Perhaps you noticed the phrase regarding a "Condor" visit to Japan in our previous post. Here's the story with some info from the net and extras from Japanese sources. All photos are from Japanese vintage publications.
Three months after the remarkable for the time non-stop flight from Berlin to New York, Fw200 registered D-ACON and carrying the name "Brandenburg" decided this time to to visit Japan. On November 28, 1938 Flugkapitane Alfred Henke, Capt. Rudolf von Moreau (2nd pilot), Paul Dierberg (wireless operator-engineer) and Walter Kober (radio operator) together with crew chief Georg Kohne (Focke Wulf) and Consul Heinz Young (Director of Focke-Wulf Flugzeugbau GmbH Berlin) took-off from Berlin's Tempellhof airport and after stops in Basra, Karachi and Hanoi finally landed in Tachikawa, Tokyo (Haneda was undergoing repairs). The time was 46 hours, 15 minutes and 52 seconds corresponding to an average speed of 192 km/h, including ground time at the stops.
The Condor arriving at Tachikawa airport, November 30, at exactly 22:34:24.
Crew and passengers are getting off.
An enthusiastic crowd had gathered, eagerly waiting their arrival.
A welcome ceremony was held at a nearby hangar.
After that they were all driven to the Imperial Hotel
where they stayed for the rest of their visit.
A map showing the route and the distance covered.
The next day was really hectic. The schedule included visits to Meiji and Yasukuni shrines, Ministry of Transport, Ministry of the Navy, Army Aviation Headquarters, Army Ministry and Foreign Ministry followed by a tea party at the house of Transportation Minister at 16:00. The photo above was taken somewhere along this route. The "X" indicates the German Ambassador to Japan Eugen Ott.
On December 2 (or 4) the schedule included a party at Kabuki-za (HERE) sponsored by Tokyo Nichi Nichi Shinbun. In the above photo Captain Henke is shaking hands with one of the most famous Kabuki actors of all time Onoe Kikugoro the 6th.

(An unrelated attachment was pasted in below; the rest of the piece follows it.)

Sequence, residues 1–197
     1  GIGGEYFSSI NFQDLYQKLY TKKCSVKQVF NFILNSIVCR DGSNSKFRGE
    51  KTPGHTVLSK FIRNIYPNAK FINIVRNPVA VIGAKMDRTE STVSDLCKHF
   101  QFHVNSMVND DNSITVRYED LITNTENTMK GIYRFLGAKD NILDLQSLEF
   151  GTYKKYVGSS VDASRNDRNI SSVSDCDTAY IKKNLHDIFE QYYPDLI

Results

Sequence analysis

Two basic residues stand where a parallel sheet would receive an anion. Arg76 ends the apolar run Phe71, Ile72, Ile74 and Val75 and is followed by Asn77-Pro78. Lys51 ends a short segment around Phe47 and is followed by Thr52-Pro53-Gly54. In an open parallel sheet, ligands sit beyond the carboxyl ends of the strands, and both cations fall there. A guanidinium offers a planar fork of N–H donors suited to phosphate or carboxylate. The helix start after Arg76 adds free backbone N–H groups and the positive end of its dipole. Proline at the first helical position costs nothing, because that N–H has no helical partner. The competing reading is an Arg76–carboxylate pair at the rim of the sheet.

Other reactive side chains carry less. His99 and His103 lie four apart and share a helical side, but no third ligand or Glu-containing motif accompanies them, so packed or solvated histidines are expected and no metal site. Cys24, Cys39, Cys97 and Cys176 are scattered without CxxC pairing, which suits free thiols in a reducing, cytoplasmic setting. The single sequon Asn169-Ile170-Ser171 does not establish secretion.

On November 5 at 6:00am Prince Chichibu-no-miya visited Tachikawa airfield and was given a tour by Capt. Henke.
Unfortunately the return flight of the next day, Nov. 6 did not have a happy ending. The aircraft took-off at 5:37 from Tachikawa, flew over Okinawa without any problem at 11:00 but had to make an emergency landing at 16:40 (Japan time) in Rosario beach, Cavite, Manila Bay due to a malfuction of the fuel pomp that resulted in three engines shutting down.
I have often wondered if the remains of this Condor still lie on the floor of Manila Bay.
Salt water is not kind to aircraft structures, of course; but any relics from this particular a/c would have great historical value.
Check this link:
George, thank you VERY much for the link.
The photo in your blog post shows clearly that the ditching was in shallow water; I had not known that.
So it is not a complete surprise to see other photos of the wreck being salvaged.
Shipped back to Germany? Now I wonder if it was rebuilt, or ???
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